@Evo: From what I've gather after reading his comments 2 times... The mac is the client machine he want's connected to his network machine.. :P He just seems to be a bit confused of what actually happens when he runs those commands
@jddancks: What actually happens is that the SOCKS proxy is your personal mac machine (don't worry, the connection still gets routed via ssh on your workplace machine -- that's what the -D option does) and that's why you need to enter --proxy-server=socks://localhost:8888"
(like Evo2 already told you to)...
It only seems weird because you're confusing the actual ssh connection with the socks proxy connection... You should think of them as two different things..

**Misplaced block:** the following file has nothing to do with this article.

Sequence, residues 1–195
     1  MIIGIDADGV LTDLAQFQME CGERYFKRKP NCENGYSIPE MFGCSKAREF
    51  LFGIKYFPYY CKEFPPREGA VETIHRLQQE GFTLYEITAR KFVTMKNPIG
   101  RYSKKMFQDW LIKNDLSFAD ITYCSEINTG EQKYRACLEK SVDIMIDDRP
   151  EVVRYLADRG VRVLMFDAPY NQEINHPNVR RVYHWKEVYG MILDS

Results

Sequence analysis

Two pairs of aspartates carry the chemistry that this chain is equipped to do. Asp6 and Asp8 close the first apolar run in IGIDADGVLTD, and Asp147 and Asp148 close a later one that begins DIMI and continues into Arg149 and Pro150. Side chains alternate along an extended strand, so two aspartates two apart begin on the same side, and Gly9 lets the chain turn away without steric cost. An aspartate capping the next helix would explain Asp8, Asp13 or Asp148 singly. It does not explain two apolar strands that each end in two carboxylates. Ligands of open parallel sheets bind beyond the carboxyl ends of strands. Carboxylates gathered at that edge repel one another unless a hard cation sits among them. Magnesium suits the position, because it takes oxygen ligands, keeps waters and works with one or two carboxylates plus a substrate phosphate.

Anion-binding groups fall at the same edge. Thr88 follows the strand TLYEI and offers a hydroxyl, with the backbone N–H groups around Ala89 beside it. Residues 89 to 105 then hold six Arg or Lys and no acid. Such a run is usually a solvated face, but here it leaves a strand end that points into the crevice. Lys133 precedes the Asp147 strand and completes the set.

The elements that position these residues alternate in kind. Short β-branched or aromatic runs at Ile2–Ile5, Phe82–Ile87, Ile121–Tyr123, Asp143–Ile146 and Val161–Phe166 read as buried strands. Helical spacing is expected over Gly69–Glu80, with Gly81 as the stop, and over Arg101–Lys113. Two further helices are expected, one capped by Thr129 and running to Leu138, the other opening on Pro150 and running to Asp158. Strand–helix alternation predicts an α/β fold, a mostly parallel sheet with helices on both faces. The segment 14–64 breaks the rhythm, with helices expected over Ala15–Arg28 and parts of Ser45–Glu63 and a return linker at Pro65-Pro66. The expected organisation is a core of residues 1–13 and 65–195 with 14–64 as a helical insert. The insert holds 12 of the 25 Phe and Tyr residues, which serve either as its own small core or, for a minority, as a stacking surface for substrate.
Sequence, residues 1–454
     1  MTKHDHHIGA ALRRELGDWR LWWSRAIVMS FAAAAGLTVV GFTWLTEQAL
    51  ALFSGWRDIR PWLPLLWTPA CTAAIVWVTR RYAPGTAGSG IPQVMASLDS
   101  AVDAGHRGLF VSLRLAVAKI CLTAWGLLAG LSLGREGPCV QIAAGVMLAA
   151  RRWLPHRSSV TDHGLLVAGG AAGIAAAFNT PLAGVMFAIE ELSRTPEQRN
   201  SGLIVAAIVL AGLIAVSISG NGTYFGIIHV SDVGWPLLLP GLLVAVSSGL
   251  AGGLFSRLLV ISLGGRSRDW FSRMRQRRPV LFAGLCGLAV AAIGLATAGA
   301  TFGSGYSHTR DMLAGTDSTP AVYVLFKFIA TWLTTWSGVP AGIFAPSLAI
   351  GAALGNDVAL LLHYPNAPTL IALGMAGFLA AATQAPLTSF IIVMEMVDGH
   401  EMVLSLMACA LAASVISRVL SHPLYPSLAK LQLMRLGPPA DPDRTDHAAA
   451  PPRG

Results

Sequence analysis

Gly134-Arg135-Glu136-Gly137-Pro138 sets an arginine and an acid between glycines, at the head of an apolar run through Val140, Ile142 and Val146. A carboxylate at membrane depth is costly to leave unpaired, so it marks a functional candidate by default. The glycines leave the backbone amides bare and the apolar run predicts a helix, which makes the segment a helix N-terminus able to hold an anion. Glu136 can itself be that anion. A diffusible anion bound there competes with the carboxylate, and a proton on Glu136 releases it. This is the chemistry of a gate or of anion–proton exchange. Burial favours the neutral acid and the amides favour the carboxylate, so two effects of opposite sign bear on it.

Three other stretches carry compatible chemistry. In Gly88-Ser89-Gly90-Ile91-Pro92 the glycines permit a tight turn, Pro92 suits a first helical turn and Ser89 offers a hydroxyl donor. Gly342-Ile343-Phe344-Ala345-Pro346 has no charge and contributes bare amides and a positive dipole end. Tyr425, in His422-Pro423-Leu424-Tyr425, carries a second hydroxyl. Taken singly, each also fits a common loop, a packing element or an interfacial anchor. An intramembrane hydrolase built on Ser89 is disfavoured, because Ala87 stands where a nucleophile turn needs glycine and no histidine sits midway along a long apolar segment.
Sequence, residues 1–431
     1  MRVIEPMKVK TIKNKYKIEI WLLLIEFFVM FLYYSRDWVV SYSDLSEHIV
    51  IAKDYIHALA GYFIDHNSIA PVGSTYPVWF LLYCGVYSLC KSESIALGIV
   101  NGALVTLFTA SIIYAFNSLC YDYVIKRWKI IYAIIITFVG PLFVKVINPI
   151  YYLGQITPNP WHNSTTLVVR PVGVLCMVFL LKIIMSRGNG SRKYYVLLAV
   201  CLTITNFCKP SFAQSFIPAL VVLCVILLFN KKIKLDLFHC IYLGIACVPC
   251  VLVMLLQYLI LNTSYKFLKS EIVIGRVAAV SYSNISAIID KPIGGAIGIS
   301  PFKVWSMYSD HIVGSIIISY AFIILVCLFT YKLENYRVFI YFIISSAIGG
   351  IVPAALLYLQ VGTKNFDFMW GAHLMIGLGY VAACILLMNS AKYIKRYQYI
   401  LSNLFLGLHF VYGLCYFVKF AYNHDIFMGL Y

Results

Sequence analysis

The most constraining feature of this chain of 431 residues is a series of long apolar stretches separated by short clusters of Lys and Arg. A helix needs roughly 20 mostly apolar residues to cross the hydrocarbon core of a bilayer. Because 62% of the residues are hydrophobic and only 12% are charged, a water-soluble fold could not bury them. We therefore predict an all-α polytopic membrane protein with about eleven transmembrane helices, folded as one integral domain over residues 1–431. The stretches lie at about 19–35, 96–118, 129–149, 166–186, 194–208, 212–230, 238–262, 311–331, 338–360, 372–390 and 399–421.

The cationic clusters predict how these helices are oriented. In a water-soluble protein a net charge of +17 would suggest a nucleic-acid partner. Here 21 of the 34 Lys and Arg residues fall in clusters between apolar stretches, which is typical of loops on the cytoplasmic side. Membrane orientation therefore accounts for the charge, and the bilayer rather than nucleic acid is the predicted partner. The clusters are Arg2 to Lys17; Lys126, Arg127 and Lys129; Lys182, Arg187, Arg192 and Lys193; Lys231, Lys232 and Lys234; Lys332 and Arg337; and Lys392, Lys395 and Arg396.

Basically, when running:
ssh -D 8888 email@example.com:22
you are instructing your local
(so, only localhost) machine to listen to incoming SOCKS4 or SOCKS5 connections on port 8888 that gets forwarded to firstname.lastname@example.org:22
You will get connected and you need to keep this connection active (exiting will close the connection)
You then need to instruct your browser to connect to this localhost
There is no need to run any kind of special command on the server side..